3. Updates to site style, colors, or universal elements (like banners or logos) break all your tests, and require making new baselines
  4. Vague reporting of what was actually different (the report may just provide a % different and not help you see where)
  5. No great way to deal with dynamic content

Fortunately, newer tools have addressed most, if not all, of these issues making them viable as a useful tool for covering visually heavy areas of an application. One such tool is SauceLabs Visual (fka which I've started to evaluate for Visual end-to-end regression testing with Nightwatch.js.

SauceLabs Visual with Nightwatch js

SauceLabs is a cloud testing service that allows you to execute tests, including visual tests, against their remote VMs. It works with popular automation frameworks including WebdriverIO, Nightwatch, Cypress, and Playwright that drive the tests to remotely control the browsers in their offsite VMs. For visual testing, it does require a selenium/webdriver-based automation platform. This excludes Playwright and Cypress.

My automation suites already used Nightwatch for automated functional tests of the UI so I decided to use it for evaluating SauceLabs' visual testing tool capabilities as well. During my evaluation I found it to be the best visual testing tool overall for addressing my historical concerns with visual testing tools.

To run visual assertions in SauceLabs you configure your test suite to run through their proxy which listens for special commands you send through the browser you are controlling in your UI automation framework, like Nightwatch.

it('should take snapshot', () => {
browser.execute('/*@visual.init*/', 'My Visual Test');
browser.execute('/*@visual.snapshot*/', 'Home');
This is ugly, but keep reading, it gets better

Alternately, if you use Storybook and are interested in visual testing of your UI components SauceLabs Visual can integrate with Storybook as well.

One of the nice things about Nightwatch is how extensible it is so I wrapped SauceLabs' visual testing implementation into custom assertions to allow you to perform visual testing in Nightwatch js. This is available on npm as nightwatch-saucelabs-visual. This allows me to write much prettier tests like

'Content should not move around': (browser) => {
browser.beginVisualTest('Shifting content example');;'@example1Link');
browser.takeSnapshot('Menu page');

Examples are provided later in the guide.

Advantages of using SauceLabs for Visual Testing

  • The baseline screenshots and history are stored in their cloud
  • Their VMs are static to your desired configuration so baselines won't be polluted by different developer workstations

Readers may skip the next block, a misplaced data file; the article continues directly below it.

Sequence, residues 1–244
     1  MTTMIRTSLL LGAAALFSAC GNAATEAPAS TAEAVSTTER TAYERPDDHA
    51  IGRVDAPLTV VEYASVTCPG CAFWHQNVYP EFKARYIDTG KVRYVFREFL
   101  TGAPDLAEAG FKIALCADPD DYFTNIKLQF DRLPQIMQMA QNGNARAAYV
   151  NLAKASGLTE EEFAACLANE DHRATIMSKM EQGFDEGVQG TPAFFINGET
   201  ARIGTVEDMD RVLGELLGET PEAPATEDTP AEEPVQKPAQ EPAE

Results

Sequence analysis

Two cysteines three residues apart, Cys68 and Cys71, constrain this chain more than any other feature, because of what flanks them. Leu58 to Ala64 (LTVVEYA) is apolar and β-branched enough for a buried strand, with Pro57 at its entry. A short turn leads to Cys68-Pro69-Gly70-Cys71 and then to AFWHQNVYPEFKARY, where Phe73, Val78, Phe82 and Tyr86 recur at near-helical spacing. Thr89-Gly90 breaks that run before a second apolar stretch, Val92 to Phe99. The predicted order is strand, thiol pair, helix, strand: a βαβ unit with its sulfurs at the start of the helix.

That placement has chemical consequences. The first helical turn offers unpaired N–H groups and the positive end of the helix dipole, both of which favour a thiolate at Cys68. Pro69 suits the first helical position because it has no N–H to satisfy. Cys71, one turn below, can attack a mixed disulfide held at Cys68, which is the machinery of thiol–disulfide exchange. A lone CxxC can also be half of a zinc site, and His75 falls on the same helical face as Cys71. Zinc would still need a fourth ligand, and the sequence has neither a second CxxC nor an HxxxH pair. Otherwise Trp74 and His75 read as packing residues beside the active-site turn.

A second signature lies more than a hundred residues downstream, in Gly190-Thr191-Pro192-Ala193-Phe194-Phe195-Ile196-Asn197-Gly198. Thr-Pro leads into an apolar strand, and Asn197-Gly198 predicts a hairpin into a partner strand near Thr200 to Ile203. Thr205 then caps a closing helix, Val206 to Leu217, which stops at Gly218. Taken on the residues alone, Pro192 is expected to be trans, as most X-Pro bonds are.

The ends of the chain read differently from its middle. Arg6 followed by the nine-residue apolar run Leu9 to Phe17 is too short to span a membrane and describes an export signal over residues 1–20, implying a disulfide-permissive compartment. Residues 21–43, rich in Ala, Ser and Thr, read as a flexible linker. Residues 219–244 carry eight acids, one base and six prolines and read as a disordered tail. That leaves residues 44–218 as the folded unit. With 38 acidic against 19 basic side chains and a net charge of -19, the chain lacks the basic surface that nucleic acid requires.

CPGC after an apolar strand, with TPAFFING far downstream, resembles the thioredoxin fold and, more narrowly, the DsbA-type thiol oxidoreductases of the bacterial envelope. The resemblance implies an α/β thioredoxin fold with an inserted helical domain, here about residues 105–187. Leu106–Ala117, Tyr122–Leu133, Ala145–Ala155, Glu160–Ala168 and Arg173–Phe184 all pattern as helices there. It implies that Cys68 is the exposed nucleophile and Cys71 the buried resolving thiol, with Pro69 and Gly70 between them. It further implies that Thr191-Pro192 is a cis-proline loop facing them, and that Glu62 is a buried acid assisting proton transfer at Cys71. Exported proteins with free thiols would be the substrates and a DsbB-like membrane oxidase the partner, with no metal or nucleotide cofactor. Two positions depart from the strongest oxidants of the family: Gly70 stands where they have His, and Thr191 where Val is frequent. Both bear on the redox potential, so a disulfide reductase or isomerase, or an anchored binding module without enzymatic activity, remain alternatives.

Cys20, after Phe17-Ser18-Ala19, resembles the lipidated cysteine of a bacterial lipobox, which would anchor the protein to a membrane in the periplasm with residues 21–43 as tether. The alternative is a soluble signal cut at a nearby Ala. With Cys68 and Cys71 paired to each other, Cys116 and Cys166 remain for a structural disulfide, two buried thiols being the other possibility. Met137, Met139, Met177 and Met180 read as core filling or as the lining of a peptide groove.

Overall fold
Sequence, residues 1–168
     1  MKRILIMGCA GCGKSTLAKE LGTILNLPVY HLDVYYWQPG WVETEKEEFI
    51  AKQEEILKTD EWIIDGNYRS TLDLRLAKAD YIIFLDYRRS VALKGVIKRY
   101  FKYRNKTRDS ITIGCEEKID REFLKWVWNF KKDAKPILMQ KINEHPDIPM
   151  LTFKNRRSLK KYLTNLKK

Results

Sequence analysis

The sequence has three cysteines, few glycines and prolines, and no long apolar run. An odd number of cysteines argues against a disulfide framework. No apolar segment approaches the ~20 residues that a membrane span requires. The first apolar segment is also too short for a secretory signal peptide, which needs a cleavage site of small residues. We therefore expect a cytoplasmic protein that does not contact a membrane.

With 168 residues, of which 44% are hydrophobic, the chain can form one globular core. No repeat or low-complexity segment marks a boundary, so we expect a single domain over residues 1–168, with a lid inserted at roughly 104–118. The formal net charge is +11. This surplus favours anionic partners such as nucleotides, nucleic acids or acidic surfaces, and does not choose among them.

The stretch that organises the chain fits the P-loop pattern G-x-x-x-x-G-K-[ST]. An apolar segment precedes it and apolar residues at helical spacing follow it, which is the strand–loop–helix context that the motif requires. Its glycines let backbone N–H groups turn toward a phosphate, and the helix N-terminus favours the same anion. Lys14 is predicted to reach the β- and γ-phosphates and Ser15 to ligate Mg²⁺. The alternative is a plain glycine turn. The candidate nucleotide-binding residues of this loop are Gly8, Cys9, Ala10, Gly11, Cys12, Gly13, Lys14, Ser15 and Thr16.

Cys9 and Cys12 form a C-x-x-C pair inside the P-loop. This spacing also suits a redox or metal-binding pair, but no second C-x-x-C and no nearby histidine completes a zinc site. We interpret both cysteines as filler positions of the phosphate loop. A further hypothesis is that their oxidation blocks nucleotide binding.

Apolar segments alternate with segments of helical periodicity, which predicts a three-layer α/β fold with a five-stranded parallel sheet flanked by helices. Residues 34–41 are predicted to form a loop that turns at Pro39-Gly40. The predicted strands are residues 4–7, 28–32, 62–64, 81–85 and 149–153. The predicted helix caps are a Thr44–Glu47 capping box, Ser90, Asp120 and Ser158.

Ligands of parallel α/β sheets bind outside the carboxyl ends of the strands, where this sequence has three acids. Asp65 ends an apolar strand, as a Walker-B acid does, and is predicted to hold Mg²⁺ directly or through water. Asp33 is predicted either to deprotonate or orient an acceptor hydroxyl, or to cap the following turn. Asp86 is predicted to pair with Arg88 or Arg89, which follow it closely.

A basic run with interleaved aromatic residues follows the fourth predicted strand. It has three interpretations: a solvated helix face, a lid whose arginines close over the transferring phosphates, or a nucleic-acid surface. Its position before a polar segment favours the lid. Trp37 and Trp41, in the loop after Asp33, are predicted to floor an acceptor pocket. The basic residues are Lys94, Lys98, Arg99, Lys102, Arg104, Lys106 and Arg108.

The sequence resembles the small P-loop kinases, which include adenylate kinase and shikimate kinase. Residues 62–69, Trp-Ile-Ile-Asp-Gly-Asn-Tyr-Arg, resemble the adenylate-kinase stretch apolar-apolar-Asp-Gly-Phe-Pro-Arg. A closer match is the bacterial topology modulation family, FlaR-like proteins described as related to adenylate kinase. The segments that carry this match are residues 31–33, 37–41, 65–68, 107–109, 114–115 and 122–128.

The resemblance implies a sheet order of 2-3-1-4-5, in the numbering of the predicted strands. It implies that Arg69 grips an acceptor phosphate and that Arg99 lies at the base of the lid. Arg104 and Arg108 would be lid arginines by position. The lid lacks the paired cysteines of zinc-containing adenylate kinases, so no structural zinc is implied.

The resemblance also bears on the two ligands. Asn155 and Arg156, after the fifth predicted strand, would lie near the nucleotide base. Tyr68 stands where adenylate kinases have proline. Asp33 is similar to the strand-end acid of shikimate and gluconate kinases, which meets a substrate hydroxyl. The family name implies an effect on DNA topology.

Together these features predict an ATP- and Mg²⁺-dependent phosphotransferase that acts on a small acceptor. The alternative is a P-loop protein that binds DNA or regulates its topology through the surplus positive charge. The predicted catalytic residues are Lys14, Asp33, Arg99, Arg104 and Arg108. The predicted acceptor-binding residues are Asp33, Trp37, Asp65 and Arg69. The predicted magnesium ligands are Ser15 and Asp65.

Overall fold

• Ability to test browser and operating systems outside of what you have available on site.
  • Combines knowledge of the DOM with the screen comparison
    • Let's you ignore specific DOM elements (vs % change tolerances or regions)
    • Highlights DOM elements where changes were detected
    • Let's you accept changes at the DOM element level for faster baseline updating
Change highlight specific element Highlighting changed DOM element

Disadvantages of using SauceLabs for Visual Testing

  • Their hub is slower to execute tests
    • Snapshot and assertion checks take much longer than functional test steps
  • You have to log in to their web portal to accept the baselines or see screen captures
    • As of writing the SauceLabs visual product doesn't feel as integrated into their main tools
    • Extra login step
  • Limited number of tests allowed per month

Writing a Nightwatch Visual Regression Test with SauceLabs

Most of the examples on SauceLabs' website are geared toward WebdriverIO so this will serve as a useful guide for getting started writing automated visual regression tests using Nightwatch and SauceLabs Visual.

For brevity, these examples assume you are modifying an already working Nightwatch test suite to add visual testing. If you don't have one setup or would use the final product to follow along with, the code for this example can be found on GitHub under nightwatchTutorials/sauceLabsVisualScreener.

  1. In the root of your test project, run these commands to install the npm packages we will be using

    1. npm install nightwatch@latest -g
    2. npm install nightwatch-saucelabs-endsauce nightwatch-saucelabs-visual saucelabs --save-dev
  2. Open nightwatch.config.js and add or append to custom_commands_path and plugins

    custom_commands_path: [
    plugins: ['nightwatch-saucelabs-visual'],

    This will allow Nightwatch to add the custom commands and assertions to run against SauceLabs and execute visual test assertions.